Kids love Christmas… and kids love Christmas presents. Just about the only thing that’s better than getting a great¬†Christmas gift is getting a Christmas gift that’s better than any of the gifts your siblings or friends got. Nothing ruins a good gift quicker than realizing that someone else got a better gift.

Kids and earthly-minded churches aren’t all that different.

Apparently, the churches to which James wrote (Jas 4.1-3) weren’t the only ones who struggled with the presence of gifts (or lack thereof) and quarrels. It struck me the other day that the apostle Paul was keenly aware of the danger here.

The potential for gifts given by the Father to his spiritual children to become an issue over which to quarrel is quite strong. And yet, just as no human father would desire for his good gifts to be used as weapons of war between his children, so also the heavenly Father desires for gifts to be a blessing to all, not a source of division. Paul warns against this reality time and again. For example, take Romans 12.

Before the apostle lists some of the spiritual gifts given to the church in Romans 12.6-8, he begins by emphasizing humility:

For by the grace given to me I say to everyone among you not to think of himself more highly than he ought to think, but to think with sober judgment, each according to the measure of faith that God has assigned. (Rom 12.3)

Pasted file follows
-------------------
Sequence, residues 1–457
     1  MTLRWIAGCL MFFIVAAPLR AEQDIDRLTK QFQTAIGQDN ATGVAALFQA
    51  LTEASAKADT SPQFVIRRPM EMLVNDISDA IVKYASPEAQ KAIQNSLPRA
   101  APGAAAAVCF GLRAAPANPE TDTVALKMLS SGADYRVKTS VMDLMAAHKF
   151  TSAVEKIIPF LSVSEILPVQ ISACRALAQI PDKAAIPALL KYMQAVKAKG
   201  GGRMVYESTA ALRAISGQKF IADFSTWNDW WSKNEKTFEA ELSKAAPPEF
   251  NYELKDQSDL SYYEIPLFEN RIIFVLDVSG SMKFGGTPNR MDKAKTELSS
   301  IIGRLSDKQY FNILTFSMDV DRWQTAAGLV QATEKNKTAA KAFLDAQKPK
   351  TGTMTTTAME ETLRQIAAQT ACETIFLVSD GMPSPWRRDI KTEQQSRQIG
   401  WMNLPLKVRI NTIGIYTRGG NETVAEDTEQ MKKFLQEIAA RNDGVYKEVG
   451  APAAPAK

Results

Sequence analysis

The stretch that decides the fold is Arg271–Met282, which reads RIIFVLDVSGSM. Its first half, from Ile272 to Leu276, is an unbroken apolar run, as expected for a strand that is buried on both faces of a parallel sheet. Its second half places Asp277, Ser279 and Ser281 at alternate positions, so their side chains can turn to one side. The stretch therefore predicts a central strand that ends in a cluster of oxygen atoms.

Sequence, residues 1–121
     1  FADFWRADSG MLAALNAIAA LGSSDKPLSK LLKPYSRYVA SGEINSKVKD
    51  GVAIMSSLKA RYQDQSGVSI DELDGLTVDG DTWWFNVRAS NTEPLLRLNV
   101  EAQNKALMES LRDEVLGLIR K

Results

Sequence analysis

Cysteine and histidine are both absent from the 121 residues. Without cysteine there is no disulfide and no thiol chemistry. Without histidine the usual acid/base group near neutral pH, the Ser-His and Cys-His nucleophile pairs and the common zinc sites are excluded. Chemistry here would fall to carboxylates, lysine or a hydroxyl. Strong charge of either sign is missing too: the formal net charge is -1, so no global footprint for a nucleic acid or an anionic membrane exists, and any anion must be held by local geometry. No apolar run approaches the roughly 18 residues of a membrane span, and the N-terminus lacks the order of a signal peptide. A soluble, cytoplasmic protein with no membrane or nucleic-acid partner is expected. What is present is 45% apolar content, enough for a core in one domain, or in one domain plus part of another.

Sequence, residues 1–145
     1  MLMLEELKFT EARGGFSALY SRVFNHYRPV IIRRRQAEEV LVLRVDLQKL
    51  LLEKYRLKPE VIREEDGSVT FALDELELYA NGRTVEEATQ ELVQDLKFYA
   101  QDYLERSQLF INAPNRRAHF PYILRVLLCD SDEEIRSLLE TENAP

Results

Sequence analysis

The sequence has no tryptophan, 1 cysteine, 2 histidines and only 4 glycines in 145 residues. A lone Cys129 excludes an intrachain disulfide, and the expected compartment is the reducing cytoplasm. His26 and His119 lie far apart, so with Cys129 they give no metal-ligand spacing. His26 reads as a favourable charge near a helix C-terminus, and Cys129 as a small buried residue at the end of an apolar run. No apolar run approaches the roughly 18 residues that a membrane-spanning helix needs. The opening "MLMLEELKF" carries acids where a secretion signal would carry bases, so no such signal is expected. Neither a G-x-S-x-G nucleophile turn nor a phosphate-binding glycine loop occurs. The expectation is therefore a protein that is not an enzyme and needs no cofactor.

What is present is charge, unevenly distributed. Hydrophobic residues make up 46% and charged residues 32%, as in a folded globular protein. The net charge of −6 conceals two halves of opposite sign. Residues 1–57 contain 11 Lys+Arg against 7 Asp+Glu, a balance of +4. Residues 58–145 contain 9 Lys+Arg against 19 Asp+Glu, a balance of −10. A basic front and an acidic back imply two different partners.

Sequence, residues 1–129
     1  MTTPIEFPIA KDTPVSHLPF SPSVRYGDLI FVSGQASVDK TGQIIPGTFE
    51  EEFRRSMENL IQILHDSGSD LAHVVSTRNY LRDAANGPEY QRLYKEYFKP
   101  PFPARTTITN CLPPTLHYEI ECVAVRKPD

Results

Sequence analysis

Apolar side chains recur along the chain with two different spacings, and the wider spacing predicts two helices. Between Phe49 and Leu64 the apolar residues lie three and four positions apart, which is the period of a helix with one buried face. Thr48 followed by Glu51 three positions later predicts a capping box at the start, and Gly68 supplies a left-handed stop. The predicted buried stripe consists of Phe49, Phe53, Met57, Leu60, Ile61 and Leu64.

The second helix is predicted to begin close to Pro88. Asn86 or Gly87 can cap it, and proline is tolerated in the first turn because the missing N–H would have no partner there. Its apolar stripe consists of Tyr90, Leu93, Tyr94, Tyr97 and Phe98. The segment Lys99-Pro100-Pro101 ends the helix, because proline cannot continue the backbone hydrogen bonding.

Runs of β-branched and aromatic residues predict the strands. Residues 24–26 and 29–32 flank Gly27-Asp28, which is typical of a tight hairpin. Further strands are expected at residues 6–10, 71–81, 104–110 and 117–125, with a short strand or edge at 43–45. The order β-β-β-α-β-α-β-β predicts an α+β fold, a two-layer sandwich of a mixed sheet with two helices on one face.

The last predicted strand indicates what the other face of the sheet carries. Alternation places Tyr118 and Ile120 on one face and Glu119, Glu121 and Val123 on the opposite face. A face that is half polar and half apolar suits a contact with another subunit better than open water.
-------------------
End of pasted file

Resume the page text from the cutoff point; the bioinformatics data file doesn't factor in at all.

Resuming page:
His next step is to argue that the church is one body in Christ, built by one Spirit. Even though the members of the body have different functions, they are still one (Rom 12.4-5). Once he has listed the gifts, he returns his focus immediately to maintaining peace in the church (Rom 12.9-21).

Why book-end a listing of gifts with admonitions to humility, love, honour, empathy, and grace? Because the opposite of all those virtues is fleshly reaction to seeing others blessed in ways we ourselves would like to be blessed. Without love, humility, etc., we would quickly become like a jealous boy or girl on Christmas morning, complaining that our gifts are not as good as another’s.

So what should we do? We seek the best gifts, but acknowledge that whatever comes is a gracious, undeserved gift from our sovereign Father who desires our good. Then, when our brothers and sisters are blessed beyond us, we rejoice with them as they rejoice! We celebrate that the body has been blessed and will be blessed through the gifting of that individual for ministry to the church-at-large. That is what our heavenly Father desires.